I am familiar with what you're talking about, though. I think that a lot of the excessive belt thing got started from a mix of functional straps (some as things like shown here, actually securing tools and whatnot, and probably some as more of a can't-afford-new-clothes effort to hold things together) and expressive straps (going back to punk and goth, it's common for criticisms to be expressed satirically; in a case like this, an expression of being "tied down and lacking freedom" or of being "barely held together"). Fashion and media popularized and further spread the look.
Winters_Fury Topic Starter

Riik's post
Riik wrote:
Fashion. Or at least that's my understanding of it. Maybe at one point in time there was a practical purpose. Or maybe it comes from competitive opulence. "My boots are bigger than yours! Look how much leather I can afford!" I don't know, I'm not a fashion historian.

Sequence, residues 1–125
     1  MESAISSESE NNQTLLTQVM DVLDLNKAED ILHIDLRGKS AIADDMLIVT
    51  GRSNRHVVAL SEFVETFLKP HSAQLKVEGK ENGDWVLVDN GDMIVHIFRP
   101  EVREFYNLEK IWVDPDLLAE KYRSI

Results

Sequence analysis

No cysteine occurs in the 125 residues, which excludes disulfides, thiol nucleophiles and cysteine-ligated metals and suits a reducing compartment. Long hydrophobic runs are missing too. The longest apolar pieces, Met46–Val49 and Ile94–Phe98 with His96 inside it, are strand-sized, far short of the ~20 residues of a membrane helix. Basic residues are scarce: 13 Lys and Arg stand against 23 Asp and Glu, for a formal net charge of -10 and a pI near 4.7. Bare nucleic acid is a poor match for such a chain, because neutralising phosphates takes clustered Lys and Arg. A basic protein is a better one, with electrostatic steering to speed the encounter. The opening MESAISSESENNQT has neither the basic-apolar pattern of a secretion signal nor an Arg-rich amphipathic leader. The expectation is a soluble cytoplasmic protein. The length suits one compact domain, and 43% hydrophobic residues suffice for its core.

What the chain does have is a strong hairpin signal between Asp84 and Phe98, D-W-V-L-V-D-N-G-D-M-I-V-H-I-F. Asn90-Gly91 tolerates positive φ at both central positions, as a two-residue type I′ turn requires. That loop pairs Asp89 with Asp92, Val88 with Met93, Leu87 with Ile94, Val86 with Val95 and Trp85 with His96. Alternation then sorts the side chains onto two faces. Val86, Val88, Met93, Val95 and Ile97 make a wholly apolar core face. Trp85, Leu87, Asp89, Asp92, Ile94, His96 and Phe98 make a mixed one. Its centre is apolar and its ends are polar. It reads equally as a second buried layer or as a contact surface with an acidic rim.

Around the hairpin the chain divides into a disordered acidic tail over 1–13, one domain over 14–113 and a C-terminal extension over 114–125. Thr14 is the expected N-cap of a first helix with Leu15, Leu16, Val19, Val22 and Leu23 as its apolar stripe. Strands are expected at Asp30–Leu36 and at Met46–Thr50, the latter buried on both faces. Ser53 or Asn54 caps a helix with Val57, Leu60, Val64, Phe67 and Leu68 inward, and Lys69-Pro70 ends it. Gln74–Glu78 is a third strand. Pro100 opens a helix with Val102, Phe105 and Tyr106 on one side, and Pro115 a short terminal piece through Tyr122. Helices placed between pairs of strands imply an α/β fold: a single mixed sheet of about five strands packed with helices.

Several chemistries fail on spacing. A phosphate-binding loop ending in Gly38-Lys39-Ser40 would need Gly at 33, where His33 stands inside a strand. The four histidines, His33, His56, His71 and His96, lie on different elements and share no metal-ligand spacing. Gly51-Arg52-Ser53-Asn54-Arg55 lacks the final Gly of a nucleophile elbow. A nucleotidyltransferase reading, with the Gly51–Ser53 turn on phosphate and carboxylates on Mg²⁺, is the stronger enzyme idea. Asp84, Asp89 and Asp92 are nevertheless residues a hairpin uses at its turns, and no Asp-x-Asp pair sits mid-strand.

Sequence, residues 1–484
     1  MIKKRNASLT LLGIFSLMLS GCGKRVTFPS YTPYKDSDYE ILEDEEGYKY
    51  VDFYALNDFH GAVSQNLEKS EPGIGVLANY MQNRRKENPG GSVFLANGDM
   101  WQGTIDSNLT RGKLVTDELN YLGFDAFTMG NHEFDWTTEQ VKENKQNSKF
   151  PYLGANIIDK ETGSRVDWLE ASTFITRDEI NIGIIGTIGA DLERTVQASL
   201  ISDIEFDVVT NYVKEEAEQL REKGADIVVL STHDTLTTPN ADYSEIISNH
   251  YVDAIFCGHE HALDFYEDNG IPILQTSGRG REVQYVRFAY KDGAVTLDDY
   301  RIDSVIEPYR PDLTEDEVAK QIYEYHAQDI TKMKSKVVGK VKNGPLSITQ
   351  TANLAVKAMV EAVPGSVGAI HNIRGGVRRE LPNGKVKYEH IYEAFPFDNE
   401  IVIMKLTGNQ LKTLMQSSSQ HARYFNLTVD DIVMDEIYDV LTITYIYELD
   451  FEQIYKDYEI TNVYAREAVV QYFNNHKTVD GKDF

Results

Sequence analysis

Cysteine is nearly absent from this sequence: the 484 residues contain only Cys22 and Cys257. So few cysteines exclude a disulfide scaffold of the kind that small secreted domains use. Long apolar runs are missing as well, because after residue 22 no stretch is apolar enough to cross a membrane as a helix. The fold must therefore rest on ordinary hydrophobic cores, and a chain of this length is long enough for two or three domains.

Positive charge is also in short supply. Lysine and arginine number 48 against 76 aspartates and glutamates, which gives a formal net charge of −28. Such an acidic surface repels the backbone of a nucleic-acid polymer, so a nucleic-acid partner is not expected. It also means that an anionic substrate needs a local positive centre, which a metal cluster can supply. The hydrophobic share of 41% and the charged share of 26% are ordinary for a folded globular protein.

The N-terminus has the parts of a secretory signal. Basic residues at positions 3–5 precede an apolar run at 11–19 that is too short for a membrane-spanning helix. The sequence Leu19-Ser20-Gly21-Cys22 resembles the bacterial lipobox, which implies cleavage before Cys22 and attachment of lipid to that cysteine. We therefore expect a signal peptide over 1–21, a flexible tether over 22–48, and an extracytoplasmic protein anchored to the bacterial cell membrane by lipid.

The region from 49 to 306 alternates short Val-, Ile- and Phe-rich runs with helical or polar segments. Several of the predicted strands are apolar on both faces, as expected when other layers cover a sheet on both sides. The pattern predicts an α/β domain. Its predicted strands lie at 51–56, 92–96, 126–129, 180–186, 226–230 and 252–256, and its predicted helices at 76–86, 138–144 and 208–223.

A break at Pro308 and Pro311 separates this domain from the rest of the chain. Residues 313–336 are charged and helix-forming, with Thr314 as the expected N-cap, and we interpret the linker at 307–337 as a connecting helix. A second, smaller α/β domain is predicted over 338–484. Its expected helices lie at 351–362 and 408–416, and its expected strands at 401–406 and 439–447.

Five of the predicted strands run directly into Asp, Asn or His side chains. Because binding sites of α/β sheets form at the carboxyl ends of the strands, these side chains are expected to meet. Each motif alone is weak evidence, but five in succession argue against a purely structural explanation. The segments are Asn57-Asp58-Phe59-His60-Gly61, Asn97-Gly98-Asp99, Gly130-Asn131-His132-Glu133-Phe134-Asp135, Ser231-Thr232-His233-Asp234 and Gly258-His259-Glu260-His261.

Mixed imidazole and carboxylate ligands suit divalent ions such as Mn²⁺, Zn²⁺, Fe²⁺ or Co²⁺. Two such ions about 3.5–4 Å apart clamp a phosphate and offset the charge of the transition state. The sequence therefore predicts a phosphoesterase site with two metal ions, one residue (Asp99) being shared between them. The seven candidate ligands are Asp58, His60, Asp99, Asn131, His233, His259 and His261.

As for belts... Well they look cool. Maybe they originally stem from holsters and the like? Someone thought they looked cool but didn't want a bunch of empty holsters to justify them? Regardless... I like superfluous belts. I have jackets, trousers and boots with them. Even gloves. If I see a cool piece of clothing with lots of belts that I can afford and is my size, you can bet I'm going to want to have it. I never go out without at least one piece of clothing that has some sort of unnecessary belt or buckle.


That is possible concerning the boots. We the humans have almost always had a competitive streak in some form or other. Who knows?

And that's perfectly fine, that you have that interest! I don't mind if people like something that I find ridiculous/not understanding. Because it's not harming me in any way, shape, or form. To me it's like: What? Why? But then be it I learn more or not, at the end of the day: If it makes a person happy, that's all that counts really.

Spiritualeclipse's post
Spiritualeclipse wrote: